The Fog of Uncertainty
As we emerge from this imposed economic catastrophe caused by the fear of COVID-19, we need to consider how we take advantage of the investment opportunities it will present.
Investment strategies tend to be driven by people’s current perceptions. In times of distress, we assume it will last an exceptionally long time with a weak recovery. Yet in boom times, we feel like it will never end. To successfully navigate the choppy waters, you must keep your head and have a solid plan. It is good to start with what we know.
What We Know or Can Reasonably Assume
- We are faced with a virus for which there is no cure or vaccine and might not ever be one. The public has been scared to death even though the number of cases (relative to total population) is extremely low and primarily confined to an identifiable “at-risk population.”
- The nationwide lockdown has been an economic catastrophe. Many large businesses who were already struggling are filing for bankruptcy protection, and many small businesses will not reopen. The hospitality and travel industries have been decimated.
- Trends in consumer behavior, such as online spending, remote learning, and virtual meetings, will accelerate.
- Highly-leveraged businesses or properties with solid underlying fundamentals (but a short-term cash flow problem) represent the best investment opportunities.
- It will take years to fully recover.
Impact of Time
We will recover, but it will be slow and painful. Recessions tend to be short-lived, but their impacts linger far longer. For real estate, the recoveries from the late 1980s and 2008-09 recessions did not occur for three to four years after they were officially over. Some argue that the country didn’t recover from the Great Depression until the late 1930’s, despite the New Deal.
Also, there is much discussion whether the recovery from this recession will be V-, U-, or swoosh-shaped. Most professionals I’ve heard believe it will be U-shaped with a two-to-three-year time frame.
People’s Behavior Shifts
Factors instrumental to this recovery are shifting consumer habits, amended work habits and fear. These demand drivers, or retardants, will determine how we use space going forward. Even after these factors are better understood, it will be some time before space decisions are made and acted upon. This will significantly impact occupancy levels and rents, both of which drive value.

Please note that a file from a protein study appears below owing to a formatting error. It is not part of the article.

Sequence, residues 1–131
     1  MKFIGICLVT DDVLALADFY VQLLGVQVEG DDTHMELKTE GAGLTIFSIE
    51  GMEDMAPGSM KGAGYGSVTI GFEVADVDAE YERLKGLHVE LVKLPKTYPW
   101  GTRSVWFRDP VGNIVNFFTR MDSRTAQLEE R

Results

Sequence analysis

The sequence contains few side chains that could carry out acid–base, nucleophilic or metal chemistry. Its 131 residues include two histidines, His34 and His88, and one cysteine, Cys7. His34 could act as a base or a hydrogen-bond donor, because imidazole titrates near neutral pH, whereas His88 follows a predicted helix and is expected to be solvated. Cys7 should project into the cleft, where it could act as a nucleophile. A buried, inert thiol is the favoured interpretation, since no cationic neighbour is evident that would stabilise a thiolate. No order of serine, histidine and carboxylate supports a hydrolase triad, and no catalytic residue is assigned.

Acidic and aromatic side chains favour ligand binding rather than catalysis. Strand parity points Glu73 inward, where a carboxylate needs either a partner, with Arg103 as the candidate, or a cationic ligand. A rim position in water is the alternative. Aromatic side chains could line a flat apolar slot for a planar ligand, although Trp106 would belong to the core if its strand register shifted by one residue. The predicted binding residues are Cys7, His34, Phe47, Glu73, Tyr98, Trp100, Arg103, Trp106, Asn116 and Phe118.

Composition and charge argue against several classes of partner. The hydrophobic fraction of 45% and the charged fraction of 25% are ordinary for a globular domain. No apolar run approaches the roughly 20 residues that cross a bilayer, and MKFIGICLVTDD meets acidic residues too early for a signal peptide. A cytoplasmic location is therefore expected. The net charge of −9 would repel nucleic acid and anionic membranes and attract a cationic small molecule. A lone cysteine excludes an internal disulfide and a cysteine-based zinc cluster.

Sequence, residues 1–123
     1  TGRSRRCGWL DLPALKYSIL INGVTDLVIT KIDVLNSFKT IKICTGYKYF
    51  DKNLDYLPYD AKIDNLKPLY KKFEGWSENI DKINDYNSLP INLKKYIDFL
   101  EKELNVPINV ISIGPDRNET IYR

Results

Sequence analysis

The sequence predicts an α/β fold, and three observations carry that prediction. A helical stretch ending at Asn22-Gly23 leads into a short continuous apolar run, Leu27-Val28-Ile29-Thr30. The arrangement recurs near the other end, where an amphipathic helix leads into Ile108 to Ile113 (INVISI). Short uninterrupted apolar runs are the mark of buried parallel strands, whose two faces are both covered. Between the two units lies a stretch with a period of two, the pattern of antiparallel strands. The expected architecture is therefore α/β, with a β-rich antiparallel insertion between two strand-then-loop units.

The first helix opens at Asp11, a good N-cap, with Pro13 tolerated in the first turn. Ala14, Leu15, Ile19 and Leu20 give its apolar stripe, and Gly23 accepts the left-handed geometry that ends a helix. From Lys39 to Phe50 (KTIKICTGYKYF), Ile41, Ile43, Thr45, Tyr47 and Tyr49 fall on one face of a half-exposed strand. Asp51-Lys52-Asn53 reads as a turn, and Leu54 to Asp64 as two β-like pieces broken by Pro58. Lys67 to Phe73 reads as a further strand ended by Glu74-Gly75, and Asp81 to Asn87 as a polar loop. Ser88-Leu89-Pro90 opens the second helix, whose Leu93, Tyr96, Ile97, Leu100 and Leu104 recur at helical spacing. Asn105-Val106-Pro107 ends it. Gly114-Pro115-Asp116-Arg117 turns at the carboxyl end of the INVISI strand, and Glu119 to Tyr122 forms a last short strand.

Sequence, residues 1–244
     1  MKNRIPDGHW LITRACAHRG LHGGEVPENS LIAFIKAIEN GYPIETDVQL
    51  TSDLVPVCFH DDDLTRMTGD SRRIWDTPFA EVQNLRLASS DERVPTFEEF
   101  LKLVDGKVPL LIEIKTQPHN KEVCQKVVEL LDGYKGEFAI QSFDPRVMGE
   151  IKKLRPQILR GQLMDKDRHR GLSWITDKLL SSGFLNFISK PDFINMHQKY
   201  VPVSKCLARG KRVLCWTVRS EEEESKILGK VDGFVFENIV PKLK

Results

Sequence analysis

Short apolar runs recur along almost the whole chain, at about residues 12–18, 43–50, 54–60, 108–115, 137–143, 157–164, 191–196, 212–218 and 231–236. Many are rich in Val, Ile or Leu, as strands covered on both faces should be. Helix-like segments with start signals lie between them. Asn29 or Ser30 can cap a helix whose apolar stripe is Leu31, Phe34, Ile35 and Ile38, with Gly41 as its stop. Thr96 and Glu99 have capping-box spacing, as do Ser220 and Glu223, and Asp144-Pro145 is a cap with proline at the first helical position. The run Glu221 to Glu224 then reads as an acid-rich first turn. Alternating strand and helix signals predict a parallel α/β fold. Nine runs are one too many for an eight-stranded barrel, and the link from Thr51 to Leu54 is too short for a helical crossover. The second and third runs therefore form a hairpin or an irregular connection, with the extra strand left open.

The Impact of Loans
The Wall Street Journal and others report that large public and private funds are accumulating a war chest to take advantage of distressed buying opportunities that could exceed those of the 2008-09 recession. In many cases, these funds are oversubscribed.
Historically, the best real estate deals emanating from downturns either come through lenders or result from loan pressure. This happens because until a property is foreclosed or taken back by the lender, the owner (borrower) still has a chance (at least in his mind) to recoup some equity, so he fights to the end to hold on or not sell at a discount.
However, those most leveraged, spread too thin or hardest hit by income loss eventually succumb. The lenders then own the property or force the borrower to recapitalize. Regulations make it prohibitive for lenders to keep properties for long. Plus, they are not set up to own real estate, so they typically sell it at a discount.
In the 2008-09 recession, bank failures exacerbated this situation. Currently, banks are more restrained in their lending and are better capitalized, so I do not expect similar discounts from them. On the other hand, private debt funds, who have borrowed money, seem to be at greater risk and might be a better source of deals.
However, this plays out, it will not happen overnight.
Role of Government
The federal government has injected several trillion dollars in financial stimulus to keep the economy from going into a free fall, and interest rates are practically at zero. I hate to think about where we would be without this.
While these actions accelerate the recovery, the federal government is notorious for adding rules and regulations which have unpredictable and sometimes undesirable effects on the market. Also, states and their governors are implementing their own set of rules and timetables for reopening their economies, acting independently of federal guidelines. This should give investors reason to pause.
Be patient. Be really, patient. You are better off paying more for an asset later with more market certainty rather than jumping in too early, so you can beat everybody else to the bottom.
But being patient does not equal being inactive. Here is my advice:
- Wait until you can identify a clear trend or opportunity
- Do your research—there is lots of information available
- Look for a niche the major capital player will not see
- Keep your emotions in check
- Do not follow the pack
Following this advice ensures you stay ahead of the curve and are prepared when the time comes to act.
What are your investment strategies during the COVID climate? Do you agree or disagree with my advice?